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Last rites for mortgage funds? - Eureka Report article

Last rites for mortgage funds?

By Scott Francis
October 24, 2008

PORTFOLIO POINT: Investors can get better returns from cash in government-guaranteed bank accounts, leaving riskier mortgage funds with a problem.

Mortgage fund investors, with an accumulated $5.5 billion invested in well-known funds woke today to find some of the biggest names in the business, including Axa and Perpetual, had frozen their accounts. The sudden sealing of mortgage funds reveals as much about the Rudd government's sudden decision to guarantee cash deposits in bank accounts as any deep crisis in mortgage funds. Nonetheless, it raises in dramatic fashion, some hard questions that every investor now needs to ask about these deceptively risky products.

Australia is a unique environment for investors in that there have tended to be few really high-quality fixed interest offerings available directly. For example, US investors can invest directly into US backed Treasury Bonds, but not so here.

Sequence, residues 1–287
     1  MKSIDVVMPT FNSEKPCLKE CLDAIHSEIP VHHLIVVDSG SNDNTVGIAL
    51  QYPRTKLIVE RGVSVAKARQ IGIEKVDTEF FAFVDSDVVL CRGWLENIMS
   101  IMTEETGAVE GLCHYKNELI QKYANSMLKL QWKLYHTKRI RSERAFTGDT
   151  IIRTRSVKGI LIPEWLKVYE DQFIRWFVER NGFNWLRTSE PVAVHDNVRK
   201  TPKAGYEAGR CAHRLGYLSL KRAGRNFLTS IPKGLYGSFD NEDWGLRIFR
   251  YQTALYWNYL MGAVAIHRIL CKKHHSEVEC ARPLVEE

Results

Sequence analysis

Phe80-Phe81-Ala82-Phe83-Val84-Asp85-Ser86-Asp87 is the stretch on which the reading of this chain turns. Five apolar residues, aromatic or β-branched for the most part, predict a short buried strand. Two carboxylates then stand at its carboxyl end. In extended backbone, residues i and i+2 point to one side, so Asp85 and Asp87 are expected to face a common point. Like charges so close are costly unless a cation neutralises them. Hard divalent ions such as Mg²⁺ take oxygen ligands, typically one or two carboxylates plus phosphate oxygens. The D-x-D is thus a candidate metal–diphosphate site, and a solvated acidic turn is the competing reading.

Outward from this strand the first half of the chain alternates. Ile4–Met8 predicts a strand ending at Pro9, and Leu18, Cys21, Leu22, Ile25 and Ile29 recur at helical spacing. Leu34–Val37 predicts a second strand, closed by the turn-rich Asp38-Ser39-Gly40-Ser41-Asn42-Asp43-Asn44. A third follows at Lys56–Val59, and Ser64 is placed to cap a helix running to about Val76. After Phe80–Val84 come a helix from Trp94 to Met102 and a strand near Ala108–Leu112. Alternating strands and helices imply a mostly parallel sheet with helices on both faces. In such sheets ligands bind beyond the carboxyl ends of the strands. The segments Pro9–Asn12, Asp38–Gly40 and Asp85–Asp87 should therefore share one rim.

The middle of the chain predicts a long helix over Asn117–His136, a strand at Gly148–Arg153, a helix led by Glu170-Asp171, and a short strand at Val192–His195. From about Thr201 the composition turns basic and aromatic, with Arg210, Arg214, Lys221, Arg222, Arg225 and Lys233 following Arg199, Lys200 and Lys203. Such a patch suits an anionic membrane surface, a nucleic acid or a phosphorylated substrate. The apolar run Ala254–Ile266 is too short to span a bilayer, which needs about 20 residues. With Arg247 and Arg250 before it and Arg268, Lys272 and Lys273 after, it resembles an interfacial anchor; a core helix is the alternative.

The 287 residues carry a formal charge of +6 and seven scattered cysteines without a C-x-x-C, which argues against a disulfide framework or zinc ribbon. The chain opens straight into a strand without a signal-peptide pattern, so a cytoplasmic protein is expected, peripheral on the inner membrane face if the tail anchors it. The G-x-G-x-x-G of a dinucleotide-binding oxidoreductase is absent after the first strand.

In Australia, many investors have made use of a variety of fixed interest investments including listed fixed interest securities and mortgage funds. However, now the government has guaranteed bank deposits (including term deposits, online accounts and saving accounts), these bank deposits effectively carry the AAA-rated government guarantee. They are as good as a risk-free investment.

That has reduced the attraction of some of the other fixed interest investments that have been being used in portfolios. Because of that investors, quite understandably, have been trying to withdraw their funds from mortgage accounts to deposit them into AAA cash accounts and term deposits. This inflow to bank-based cash accounts has been directly at the expense of now-frozen mortgage trust accounts at Australian Unity, Axa, Challenger Howard and Perpetual.